The agreeable eye

an eudæmonistarchives

ianua

A dog walks through the snow by a river

Christmas day. Light snow overnight, everything looking somewhat magical – clear and fresh. We plan a walk to the river, because it is a challenge getting the dog to cross the highway, but later she can run off-leash without the likelihood of encountering anybody (though who would one expect to encounter at just after sunup on Christmas day – aside from the unsociable individual who has had just enough of family time, thanks).

We cross the highway and walk down the gravel road, following the steps of the unsociable through the snow (at a respectful distance) and quibble about how to manage the dog in the presence of people (a person); we are grateful when the unsociable turns down a side road so we can continue the planned walk to the river. We reach the river and turn down our favorite path; there are a pair of trees that mark, as we think, a boundary to the wilderness, the edge of the developed lots – a gateway. That is where we let the dog off the leash. She stops and sniffs the snow and ferns and moss.


You try to capture the moment that changes things, when a choice or action (your own, another’s) sets you on a course that you would not select if all options were placed before you. It’s hard to recognize. But, noticed or not, the gate latches shut behind you, and you keep moving forward.


Walking along the river, clearing through the snow on the path, we talk; it’s a good path for talking – more or less flat, with some twists and turns, small landmarks: a small stretch of sandy beach, a nurse stump, a turn along a meander, fallen trees, a twist through the brambles, and then the crossroads (time to turn around). As we walk along the river, we call the dog back occasionally, so she doesn’t get into anything, doesn’t get lost, doesn’t fall into the river which is cold and high and fast this time of year. Normally she scouts along ahead, coming back to beg for treats, then pursuing her research, which may someday become part of a formidable dissertation on the odors of ferns. We reach the crossroads.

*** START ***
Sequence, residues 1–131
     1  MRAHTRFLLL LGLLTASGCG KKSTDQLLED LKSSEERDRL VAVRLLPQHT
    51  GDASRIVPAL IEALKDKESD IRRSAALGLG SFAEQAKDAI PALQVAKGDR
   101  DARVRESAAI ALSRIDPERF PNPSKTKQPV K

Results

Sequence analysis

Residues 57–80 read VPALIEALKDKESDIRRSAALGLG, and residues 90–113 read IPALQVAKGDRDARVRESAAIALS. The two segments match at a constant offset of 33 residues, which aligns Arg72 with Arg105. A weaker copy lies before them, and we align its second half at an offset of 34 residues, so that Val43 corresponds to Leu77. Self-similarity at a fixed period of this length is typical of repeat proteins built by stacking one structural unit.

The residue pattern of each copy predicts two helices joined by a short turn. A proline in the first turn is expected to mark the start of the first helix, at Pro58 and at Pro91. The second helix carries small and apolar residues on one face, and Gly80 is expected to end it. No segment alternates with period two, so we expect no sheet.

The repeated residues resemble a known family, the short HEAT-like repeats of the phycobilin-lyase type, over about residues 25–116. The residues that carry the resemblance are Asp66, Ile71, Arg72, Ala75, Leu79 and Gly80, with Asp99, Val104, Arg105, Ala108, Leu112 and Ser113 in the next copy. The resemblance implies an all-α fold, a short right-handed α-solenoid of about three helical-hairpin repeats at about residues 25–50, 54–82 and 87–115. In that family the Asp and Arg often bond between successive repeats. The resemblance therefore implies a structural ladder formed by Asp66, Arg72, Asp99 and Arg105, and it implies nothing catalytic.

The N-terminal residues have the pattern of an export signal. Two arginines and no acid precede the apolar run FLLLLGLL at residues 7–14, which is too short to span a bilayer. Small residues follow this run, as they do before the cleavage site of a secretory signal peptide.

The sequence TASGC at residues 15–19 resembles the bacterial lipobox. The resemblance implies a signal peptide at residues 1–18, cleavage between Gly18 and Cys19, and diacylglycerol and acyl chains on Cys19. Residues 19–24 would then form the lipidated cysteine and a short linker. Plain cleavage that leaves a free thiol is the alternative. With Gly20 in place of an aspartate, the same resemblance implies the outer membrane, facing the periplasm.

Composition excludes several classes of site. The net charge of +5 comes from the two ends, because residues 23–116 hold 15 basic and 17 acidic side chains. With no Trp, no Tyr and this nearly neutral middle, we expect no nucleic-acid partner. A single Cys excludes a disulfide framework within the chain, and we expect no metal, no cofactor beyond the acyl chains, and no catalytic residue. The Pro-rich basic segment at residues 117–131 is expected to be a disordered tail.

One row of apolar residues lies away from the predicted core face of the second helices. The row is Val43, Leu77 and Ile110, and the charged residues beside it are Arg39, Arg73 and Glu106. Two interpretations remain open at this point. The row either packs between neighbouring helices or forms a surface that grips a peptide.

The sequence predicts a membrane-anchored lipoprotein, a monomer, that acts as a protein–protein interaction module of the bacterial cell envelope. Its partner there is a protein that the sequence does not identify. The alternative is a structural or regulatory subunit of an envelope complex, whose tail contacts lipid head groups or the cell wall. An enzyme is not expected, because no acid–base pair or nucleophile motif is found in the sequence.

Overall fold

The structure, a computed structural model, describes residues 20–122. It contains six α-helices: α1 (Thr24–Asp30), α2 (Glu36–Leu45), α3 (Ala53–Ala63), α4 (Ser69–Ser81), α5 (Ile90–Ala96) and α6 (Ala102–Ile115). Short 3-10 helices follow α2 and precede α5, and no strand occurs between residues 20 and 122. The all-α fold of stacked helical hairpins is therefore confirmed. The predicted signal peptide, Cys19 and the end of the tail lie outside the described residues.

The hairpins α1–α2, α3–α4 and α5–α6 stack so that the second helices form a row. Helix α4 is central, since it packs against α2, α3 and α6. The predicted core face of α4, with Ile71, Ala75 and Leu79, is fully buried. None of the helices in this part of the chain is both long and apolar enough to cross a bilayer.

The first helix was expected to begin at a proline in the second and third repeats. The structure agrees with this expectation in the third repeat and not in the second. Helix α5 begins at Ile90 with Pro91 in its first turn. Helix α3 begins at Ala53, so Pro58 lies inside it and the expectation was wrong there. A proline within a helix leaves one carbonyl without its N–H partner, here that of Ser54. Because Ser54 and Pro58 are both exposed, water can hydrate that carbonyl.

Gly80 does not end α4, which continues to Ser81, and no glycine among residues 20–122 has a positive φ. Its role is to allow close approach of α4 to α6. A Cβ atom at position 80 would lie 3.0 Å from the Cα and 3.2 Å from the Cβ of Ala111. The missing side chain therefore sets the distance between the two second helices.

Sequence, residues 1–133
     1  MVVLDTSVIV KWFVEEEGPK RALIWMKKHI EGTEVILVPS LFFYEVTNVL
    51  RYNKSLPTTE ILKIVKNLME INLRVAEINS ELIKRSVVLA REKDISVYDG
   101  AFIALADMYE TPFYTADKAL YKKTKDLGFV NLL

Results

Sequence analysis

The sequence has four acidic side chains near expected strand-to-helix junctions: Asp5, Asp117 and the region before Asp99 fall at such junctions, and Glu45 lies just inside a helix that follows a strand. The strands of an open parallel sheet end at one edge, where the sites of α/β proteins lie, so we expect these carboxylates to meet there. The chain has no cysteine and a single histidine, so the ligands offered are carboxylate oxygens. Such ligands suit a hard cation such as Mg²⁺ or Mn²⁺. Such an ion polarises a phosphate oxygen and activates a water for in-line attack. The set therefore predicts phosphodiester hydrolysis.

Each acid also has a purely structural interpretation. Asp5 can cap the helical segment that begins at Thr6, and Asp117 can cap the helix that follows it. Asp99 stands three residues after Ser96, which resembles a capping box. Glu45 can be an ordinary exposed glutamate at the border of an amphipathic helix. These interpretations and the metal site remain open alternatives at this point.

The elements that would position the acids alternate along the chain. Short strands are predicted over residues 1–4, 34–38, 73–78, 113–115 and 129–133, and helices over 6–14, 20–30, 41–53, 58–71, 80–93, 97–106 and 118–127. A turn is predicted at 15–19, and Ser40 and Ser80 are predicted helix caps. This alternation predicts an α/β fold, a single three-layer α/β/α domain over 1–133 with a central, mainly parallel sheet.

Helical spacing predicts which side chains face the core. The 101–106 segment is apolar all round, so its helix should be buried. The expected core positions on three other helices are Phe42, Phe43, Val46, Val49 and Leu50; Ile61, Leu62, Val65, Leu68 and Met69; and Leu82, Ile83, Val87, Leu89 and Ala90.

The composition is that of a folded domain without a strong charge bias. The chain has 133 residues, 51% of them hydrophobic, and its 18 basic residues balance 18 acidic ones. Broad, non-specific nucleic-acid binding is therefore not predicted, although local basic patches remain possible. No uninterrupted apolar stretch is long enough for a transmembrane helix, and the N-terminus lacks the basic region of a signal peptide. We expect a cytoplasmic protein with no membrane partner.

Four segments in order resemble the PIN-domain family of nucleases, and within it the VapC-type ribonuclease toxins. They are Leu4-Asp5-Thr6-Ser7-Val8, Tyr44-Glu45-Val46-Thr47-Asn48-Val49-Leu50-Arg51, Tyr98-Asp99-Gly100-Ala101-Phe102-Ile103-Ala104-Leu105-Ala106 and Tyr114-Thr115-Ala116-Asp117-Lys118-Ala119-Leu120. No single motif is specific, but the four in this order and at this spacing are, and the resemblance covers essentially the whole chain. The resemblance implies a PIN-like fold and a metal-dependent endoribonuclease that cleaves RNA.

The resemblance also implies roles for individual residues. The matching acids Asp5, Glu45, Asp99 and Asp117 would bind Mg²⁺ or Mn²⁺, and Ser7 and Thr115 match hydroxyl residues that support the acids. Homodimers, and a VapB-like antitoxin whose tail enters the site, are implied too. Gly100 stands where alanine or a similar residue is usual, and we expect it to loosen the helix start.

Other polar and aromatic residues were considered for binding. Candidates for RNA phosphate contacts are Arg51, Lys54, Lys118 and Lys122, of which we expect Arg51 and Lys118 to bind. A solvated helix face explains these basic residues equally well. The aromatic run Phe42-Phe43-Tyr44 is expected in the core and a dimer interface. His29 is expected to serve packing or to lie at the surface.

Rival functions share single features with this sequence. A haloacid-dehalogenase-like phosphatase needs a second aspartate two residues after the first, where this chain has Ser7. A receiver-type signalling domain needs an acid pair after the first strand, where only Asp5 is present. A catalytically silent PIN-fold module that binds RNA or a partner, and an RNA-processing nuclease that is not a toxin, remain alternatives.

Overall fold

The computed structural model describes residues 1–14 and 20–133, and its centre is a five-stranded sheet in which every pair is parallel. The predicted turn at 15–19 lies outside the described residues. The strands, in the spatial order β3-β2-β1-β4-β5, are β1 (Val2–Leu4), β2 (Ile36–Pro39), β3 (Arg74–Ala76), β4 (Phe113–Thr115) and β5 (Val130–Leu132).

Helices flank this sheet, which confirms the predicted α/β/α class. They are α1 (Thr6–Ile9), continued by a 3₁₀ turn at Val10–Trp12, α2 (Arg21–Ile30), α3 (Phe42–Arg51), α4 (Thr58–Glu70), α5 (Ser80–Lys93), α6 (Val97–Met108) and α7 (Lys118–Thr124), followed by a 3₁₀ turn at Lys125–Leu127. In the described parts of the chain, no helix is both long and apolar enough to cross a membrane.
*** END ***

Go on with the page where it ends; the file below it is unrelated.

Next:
We are talking, I think, about Coriolanus and Shakespeare’s villains, although we have walked along there so often that I might be misremembering. We reach where the brambles would be, if they had not been cleared before the snow. We look around. And realize it has been some time since we had seen the dog. We call her name, but do not hear her crash through the underbrush or leap through the snow. Hear nothing but the sound of the river. ‘I guess,’ I said, ‘we don’t have a dog any more.’

We continue walking and calling, a bit louder, more strident – but moving towards home, because when the dog has chosen not to respond to her name, she has still been worried about being left behind and generally comes running when we are out of sight. This time she did not. So we turned around and started to head back, stern now – and finally she ran up out of the woods, not from the river, but from the south. She grinned, satisfied and smelling of fish.

We scold and walk home, talking about animal attacks and mountain lions and bears and how bears don’t like dogs and dogs don’t like bears. At the gateway, we clip on her leash.

I look back. The gaze of the forest feels heavy. Futurity watching from the trees. It is silent. Except for the river.1

  1. A week later the dog was unwell. We got her to the animal hospital in time, where she was treated for salmon poisoning. After a week – during which the petty pace of day to day stretched out, as when one travels to a foreign land – in the ICU, the dog is home again. It was a hard week. []

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